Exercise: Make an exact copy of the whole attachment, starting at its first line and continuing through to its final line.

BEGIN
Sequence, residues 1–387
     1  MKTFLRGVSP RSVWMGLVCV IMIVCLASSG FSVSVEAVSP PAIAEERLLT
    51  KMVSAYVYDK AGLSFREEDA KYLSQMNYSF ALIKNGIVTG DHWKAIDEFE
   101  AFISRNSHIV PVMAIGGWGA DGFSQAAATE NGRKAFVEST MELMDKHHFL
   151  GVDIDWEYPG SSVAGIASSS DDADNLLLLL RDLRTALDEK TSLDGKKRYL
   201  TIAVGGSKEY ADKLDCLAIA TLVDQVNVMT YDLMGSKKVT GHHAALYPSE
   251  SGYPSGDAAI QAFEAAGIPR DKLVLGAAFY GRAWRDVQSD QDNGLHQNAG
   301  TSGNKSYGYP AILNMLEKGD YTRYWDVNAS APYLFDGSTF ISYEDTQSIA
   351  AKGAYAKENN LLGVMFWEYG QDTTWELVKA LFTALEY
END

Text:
Sequence, residues 1–387
     1  MKTFLRGVSP RSVWMGLVCV IMIVCLASSG FSVSVEAVSP PAIAEERLLT
    51  KMVSAYVYDK AGLSFREEDA KYLSQMNYSF ALIKNGIVTG DHWKAIDEFE
   101  AFISRNSHIV PVMAIGGWGA DGFSQAAATE NGRKAFVEST MELMDKHHFL
   151  GVDIDWEYPG SSVAGIASSS DDADNLLLLL RDLRTALDEK TSLDGKKRYL
   201  TIAVGGSKEY ADKLDCLAIA TLVDQVNVMT YDLMGSKKVT GHHAALYPSE
   251  SGYPSGDAAI QAFEAAGIPR DKLVLGAAFY GRAWRDVQSD QDNGLHQNAG
   301  TSGNKSYGYP AILNMLEKGD YTRYWDVNAS APYLFDGSTF ISYEDTQSIA
   351  AKGAYAKENN LLGVMFWEYG QDTTWELVKA LFTALEY